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Gerardo Castillo Ceballos, Professor of the School of Education and Psychology of the University of Navarra

Shyness as a stigma, a risk factor for bullying

Mon, 20 Mar 2017 12:45:00 +0000 Published in The Confidential

Bullying is a form of violence in which the aggressor seeks to intimidate his victim in the face of the indifference and silence of his schoolmates, due to the fear of being bullied themselves.

 The bully "chooses" a fellow-victim who "stands out" from the others, as a pretext to be ridiculed. The "candidates" to be bullied have some common personality traits, which constitute risk factors: lack of self-confidence; excessive shyness; emotional vulnerability and high dependence on the family environment.

Insecurity makes the shy person topic the gaze and judgment of others. Each episode of shyness induces him to despise himself, lowering his self-esteem, so he tends to isolate himself. Moderate shyness is not pathological; it is simply a personality trait with which the shy person feels good, and which is linked to a certain professional activity, often of subject artistic. It is only problematic when it is excessive, becoming a possible social phobia.

What makes the shy person suffer most is not the shyness itself, but the fact that it is considered by others as a stigma: a mark that is a sign of dishonor. The stigmatized person deserves social reprobation because his behavior is contrary to the norms of group. He is seen as strange, unsupportive and unfriendly.

How did a normal personality trait come to be seen as a social stigma?

Shyness has traditionally been considered a behavioral problem. The isolation and habitual silence of the shy child was thought to be an anomaly. The stigma of shyness grew because - as Flavio Bastos points out - Western culture, based on a psychology of domination, idealized a profile person who talks a lot and thinks little. In this social model the shy person is stigmatized because he/she does not communicate with other people according to the ideal paradigm of extroversion.

The extrovert thinks so highly of his own way of being that he always tries to "cure" his shy friends. He ignores that - as Carl Gustav Jung discovered - each person can be characterized as introvert or extrovert, without either attitude being better than the other.

 Moderate shyness assumed as a normal personality trait is not only not problematic, but has some advantages.

Several recent programs of study conclude that one of the most populated social groups is that of the shy, to the point that we would all be shy at some Degree and in certain situations, such as speaking in public, being interviewed, asking for a claim form or apply for a salary increase. This finding invites us to reconsider the social image of shyness. Now that we know that almost all of us are shy, who could argue that we are abnormal.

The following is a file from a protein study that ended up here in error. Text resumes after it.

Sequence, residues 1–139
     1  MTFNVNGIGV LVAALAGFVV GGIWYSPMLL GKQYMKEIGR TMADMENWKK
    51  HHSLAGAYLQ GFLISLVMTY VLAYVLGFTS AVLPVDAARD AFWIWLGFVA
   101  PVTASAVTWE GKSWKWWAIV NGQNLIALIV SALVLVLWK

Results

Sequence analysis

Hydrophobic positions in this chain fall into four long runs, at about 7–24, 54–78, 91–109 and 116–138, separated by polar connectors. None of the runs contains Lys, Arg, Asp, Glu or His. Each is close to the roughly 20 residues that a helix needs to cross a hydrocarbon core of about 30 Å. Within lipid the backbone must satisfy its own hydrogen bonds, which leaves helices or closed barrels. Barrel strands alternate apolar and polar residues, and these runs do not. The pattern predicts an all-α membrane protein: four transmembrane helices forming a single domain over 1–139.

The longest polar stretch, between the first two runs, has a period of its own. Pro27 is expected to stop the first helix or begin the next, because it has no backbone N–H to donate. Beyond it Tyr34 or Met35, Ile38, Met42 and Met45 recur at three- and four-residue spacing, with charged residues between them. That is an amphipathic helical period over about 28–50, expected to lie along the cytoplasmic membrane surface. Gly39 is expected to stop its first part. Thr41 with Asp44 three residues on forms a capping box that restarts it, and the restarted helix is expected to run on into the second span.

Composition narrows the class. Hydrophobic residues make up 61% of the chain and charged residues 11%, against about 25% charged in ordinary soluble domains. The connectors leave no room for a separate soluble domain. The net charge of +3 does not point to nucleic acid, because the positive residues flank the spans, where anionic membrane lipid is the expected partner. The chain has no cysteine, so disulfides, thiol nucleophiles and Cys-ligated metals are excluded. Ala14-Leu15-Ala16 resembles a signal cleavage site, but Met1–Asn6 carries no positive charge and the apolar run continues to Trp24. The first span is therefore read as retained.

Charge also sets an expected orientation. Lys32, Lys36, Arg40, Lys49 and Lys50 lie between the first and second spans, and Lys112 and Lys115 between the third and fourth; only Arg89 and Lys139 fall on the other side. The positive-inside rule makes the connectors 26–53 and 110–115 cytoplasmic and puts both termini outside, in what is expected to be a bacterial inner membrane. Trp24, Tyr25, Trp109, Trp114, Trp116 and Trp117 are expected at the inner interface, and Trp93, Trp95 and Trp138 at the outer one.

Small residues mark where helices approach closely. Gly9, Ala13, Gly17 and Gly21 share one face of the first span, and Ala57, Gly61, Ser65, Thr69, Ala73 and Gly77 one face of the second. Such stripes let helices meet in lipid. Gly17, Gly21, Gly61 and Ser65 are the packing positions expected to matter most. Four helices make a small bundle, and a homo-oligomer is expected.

Fortunately, shyness is now beginning to be attributed a social value as opposed to the "culture" of exhibitionism and spectacle. Today we aspire to a society that values modesty and restraint in the forms.

Shyness favors reflection and the attitude of looking inside oneself, leaving the external in the background. That is why the shy person tends to have a deeper personality than the very primitive and daring people.

The timid know how to wait, which is to know how to live in time. They have the wisdom to give time to time. Their slow and patient pace of life allows them to get to know others better. They know how to listen attentively and without haste. For this reason they tend to be good confidants.

Shyness not only does not prevent the emergence of talent, but stimulates it. Shy people are often very innovative. Many successful people have proven that the personality of a leader or genius is not necessarily extroverted, spontaneous and charismatic. Alfred Hitchcock's shyness led him to direct scary and suspense movies; Agatha Christie to write crime novels with characters opposite to her; Mark Zuckerberg to create Facebook; Johnny Depp to become a great movie actor.

One of the most effective preventive remedies for excessive shyness is to help a child discover a hidden talent in herself and give her the opportunity to cultivate it. A Canadian documentary graduate "Shyness" shows how a teacher corrects this trait by promoting a girl's hidden dancing ability and encouraging her to perform at school parties. It sets an example for today's teachers to try to free shy students from the oppressive stigma of shyness and its consequences.